While this tactic may not be a violation of HIPAA Rules, it could certainly violate state laws or federal laws other than HIPAA. NPR cites a settlement that was reached last year over similar tactics used by an advertising company to target women who had visited reproductive healthcare facilities. In that case, Copley Advertising set geofences around reproductive health centers and methadone clinics. They were sent messages such as ‘Pregnancy Help’, ‘You Have Choices’, and ‘You Are Not Alone’, with the clients including a Christian pregnancy counselling and adoption agency.

Massachusetts’ attorney general Maura Healey took action and reached a settlement with the advertising agency over potential violations of state consumer protection laws, which the use of geofencing allegedly violated. Under the settlement, Copley was prohibited from using geofencing technology in the state of Massachusetts at or near healthcare facilities to infer the health status or medical conditions of individuals. Healey claimed the actions were tantamount to digital harassment.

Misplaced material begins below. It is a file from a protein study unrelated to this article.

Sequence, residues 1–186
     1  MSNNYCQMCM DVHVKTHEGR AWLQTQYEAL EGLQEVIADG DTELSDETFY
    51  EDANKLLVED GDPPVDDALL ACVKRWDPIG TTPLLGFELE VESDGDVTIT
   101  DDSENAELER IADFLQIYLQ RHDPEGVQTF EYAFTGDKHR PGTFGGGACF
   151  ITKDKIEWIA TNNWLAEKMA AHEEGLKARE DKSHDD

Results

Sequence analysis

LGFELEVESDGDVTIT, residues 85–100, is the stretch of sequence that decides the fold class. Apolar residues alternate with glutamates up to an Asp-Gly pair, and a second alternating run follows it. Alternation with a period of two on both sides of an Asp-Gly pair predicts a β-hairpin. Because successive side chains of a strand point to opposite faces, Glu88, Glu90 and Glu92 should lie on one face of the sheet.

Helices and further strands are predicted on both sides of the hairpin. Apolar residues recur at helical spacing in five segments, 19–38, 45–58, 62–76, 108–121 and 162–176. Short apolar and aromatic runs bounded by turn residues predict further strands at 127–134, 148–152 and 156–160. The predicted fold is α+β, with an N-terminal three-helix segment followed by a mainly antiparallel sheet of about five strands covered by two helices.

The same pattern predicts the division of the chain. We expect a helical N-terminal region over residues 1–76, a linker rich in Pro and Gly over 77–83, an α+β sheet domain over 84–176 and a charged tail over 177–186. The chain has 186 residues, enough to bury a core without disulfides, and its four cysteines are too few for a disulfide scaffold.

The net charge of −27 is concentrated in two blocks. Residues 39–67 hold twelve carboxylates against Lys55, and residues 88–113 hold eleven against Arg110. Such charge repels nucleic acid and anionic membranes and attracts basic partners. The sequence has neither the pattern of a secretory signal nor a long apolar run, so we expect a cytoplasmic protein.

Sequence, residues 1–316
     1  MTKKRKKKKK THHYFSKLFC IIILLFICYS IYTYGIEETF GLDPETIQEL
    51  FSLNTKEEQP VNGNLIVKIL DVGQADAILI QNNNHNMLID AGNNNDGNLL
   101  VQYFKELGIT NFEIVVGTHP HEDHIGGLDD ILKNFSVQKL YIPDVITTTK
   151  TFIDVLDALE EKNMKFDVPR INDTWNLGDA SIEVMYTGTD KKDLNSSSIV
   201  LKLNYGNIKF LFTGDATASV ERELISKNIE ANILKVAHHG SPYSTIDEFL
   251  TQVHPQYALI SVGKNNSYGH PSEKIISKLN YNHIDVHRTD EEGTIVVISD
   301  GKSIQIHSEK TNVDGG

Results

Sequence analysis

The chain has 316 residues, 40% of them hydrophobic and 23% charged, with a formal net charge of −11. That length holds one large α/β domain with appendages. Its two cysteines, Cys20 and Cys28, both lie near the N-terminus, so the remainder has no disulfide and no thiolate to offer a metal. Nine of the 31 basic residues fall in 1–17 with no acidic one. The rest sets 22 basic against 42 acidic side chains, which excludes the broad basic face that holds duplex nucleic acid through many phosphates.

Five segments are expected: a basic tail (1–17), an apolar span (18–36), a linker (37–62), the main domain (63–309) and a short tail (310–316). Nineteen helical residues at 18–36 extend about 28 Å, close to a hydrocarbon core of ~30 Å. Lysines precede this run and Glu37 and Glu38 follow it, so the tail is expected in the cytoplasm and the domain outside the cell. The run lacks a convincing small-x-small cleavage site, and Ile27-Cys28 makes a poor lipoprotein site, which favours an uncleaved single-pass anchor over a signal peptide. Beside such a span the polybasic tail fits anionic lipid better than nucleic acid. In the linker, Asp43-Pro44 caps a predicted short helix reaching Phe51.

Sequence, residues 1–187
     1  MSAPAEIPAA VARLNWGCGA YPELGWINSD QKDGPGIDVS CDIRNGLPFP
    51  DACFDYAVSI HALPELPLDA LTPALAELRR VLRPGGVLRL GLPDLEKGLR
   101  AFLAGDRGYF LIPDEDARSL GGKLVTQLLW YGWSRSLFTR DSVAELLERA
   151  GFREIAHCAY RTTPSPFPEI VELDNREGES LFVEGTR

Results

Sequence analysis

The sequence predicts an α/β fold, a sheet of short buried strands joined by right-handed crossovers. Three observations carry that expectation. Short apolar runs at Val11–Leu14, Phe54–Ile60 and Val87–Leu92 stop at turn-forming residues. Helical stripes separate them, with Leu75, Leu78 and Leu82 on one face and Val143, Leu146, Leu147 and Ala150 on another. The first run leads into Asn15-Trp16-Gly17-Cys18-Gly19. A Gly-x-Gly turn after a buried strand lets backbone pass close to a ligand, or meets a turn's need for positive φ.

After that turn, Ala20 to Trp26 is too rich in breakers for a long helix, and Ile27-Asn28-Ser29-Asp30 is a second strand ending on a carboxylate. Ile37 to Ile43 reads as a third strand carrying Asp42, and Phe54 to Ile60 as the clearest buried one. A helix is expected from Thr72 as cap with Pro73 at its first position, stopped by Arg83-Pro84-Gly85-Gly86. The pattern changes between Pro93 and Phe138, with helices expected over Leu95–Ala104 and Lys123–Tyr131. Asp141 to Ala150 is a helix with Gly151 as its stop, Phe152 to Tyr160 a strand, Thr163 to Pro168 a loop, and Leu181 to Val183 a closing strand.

Whether the practice violates state laws is open to interpretation, although as the practice appears to be gaining momentum, regulators may have to step in, certainly with respect to visits to healthcare facilities.

While this may not be a matter for the HHS to deal with, it could be dealt with at the state level or it is possible this is more in the realm of the Federal Trade Commission. However, whether the practice actually violates any laws is unclear. What is clear is that unless action is taken, the practice will continue, and its popularity will likely grow.

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Aetna Files Further Lawsuit in an Attempt to Recover Costs from 2017 HIV Status Privacy Breach

There have been further developments in the ongoing legal battles over a 2017 privacy breach experienced by Aetna involving the exposure of patients’ sensitive health information. A further lawsuit has been filed by the insurer in an attempt to recover the costs incurred as a result of the breach.